Researchers using high-resolution computer simulations have discovered that the size of raindrops or hailstones inside a storm cloud influences whether that cloud will spark a severe thunderstorm or spawn an even more destructive tornado. The findings could lead to a better understanding of these fierce storms, although scientists are a long way from controlling or preventing them.
Tornadoes touch down about 800 times each year in the United States, causing hundreds of deaths and billions of dollars in property damage. After studying the storms for years, including chasing them down in instrument-laden vehicles, researchers have learned that twisters spin into being when warm, humid air gathers ahead of a cold front--commonly known as a dryline. They've also suspected for some time that the size of water droplets inside a cloud has something to do with twister creation. But until now, no one had been able to track the droplets to determine how they unleash such a powerful force.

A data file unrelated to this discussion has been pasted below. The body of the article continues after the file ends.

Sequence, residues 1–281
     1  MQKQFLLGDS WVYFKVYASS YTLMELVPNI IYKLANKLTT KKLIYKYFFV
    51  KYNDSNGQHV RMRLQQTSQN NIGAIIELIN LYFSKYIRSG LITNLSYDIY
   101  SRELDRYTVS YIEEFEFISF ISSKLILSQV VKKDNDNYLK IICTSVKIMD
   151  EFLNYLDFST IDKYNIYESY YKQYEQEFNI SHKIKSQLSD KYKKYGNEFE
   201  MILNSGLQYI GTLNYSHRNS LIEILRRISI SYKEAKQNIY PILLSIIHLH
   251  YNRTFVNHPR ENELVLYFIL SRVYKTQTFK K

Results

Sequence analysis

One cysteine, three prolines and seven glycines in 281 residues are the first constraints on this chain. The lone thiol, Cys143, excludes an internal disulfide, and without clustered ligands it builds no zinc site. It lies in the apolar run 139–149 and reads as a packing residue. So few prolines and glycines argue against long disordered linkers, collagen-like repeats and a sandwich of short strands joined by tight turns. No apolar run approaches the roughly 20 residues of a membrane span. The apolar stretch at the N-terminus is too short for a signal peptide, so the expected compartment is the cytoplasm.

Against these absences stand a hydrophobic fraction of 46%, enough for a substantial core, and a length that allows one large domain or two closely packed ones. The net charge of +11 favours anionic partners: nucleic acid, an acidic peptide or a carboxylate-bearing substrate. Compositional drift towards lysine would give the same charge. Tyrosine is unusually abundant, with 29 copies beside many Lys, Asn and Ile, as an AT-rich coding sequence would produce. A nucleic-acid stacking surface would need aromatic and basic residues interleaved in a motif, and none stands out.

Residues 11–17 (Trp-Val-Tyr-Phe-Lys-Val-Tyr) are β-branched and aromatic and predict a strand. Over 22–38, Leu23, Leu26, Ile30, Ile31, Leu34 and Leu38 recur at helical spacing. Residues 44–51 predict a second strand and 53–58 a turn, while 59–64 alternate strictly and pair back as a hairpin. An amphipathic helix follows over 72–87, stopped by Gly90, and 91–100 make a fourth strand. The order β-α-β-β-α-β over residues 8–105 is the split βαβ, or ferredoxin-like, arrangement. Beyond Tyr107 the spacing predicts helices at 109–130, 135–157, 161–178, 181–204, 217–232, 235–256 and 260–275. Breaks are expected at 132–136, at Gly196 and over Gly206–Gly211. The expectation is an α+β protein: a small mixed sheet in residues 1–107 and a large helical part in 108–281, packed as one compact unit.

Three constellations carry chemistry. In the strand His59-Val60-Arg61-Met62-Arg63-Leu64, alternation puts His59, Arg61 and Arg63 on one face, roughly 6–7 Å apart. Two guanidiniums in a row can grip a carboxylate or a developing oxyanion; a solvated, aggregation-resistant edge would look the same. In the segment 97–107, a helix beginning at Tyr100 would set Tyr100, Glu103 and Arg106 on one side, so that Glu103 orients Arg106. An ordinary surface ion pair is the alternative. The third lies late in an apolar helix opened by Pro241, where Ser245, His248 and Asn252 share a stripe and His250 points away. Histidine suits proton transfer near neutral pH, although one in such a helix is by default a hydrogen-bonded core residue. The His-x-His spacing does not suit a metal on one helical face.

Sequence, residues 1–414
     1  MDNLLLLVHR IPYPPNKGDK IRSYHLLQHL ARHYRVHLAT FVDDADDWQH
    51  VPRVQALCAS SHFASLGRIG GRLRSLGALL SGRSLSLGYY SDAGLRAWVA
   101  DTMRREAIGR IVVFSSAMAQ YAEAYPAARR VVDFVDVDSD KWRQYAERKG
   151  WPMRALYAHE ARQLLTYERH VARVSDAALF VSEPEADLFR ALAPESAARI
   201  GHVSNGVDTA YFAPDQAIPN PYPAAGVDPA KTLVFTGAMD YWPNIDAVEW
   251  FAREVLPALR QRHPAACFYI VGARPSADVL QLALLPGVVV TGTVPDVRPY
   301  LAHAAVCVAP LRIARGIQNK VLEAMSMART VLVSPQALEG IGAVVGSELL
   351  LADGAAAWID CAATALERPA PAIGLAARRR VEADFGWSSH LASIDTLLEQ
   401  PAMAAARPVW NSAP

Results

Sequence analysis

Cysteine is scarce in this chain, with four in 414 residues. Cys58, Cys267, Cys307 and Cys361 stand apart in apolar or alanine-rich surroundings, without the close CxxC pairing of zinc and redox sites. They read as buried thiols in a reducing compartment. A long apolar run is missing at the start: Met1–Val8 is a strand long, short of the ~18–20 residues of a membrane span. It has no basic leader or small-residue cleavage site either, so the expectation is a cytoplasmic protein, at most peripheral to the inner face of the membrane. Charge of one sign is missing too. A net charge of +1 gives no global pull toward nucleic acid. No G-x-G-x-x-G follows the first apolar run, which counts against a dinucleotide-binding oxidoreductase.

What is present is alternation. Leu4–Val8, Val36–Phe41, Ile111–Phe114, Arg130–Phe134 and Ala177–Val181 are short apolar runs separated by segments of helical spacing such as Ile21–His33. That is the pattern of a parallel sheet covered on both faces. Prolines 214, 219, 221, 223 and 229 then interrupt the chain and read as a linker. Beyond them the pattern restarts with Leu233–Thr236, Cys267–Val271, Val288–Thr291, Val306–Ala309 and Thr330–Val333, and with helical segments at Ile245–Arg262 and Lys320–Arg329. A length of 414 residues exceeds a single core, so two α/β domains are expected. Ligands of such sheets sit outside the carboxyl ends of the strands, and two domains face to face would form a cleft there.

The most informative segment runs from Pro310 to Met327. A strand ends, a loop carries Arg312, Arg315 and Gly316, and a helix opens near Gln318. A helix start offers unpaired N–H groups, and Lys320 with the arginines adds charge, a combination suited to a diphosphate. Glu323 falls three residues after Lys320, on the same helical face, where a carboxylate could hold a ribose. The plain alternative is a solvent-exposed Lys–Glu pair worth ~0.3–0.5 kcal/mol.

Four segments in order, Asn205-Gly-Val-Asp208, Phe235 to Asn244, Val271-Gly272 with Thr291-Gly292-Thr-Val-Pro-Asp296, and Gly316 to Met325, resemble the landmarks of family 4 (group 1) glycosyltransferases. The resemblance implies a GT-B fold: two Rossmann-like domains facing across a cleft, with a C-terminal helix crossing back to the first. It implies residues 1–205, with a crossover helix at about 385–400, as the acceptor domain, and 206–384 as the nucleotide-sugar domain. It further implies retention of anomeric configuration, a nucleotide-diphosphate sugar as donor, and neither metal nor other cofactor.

Taking advantage of more powerful supercomputers, two meteorologists at the University of Oklahoma, Norman, may have accomplished precisely that task. Nathan Snook and Ming Xue ran simulations using six varieties of potential tornado fodder: large hailstones, small hailstones, large raindrops, small raindrops, large hailstones and raindrops in combination, and small hailstones and raindrops. In the 20 December issue of Geophysical Research Letters, the researchers report that the formation of a supercell--the type of storm cloud from which tornadoes emerge--is highly sensitive to the size of the water droplets. With large enough droplets, the surrounding air begins to take on the familiar cyclonic pattern. That's because larger varieties resist evaporation, which cools less air beneath the storm. That warmer air in turn permits the storm to connect the low-level air, in which the cyclonic pattern forms, to the updraft that provides the sucking force of the tornado. Small droplets, by contrast, tend to evaporate in droves, losing their energy before falling lightly to earth.
It's a "solid piece of work" that is based "on some very sophisticated simulations," says meteorologist William Cotton of Colorado State University in Fort Collins. The research shows that smaller raindrops increase evaporation, "which in turn decreases the chance of tornado formation." Such knowledge might someday help scientists to curb tornado formation, Cotton adds, but because the storms are "affected by many things in addition to raindrop size and rainfall rates, it would be tough to determine when it could be effective."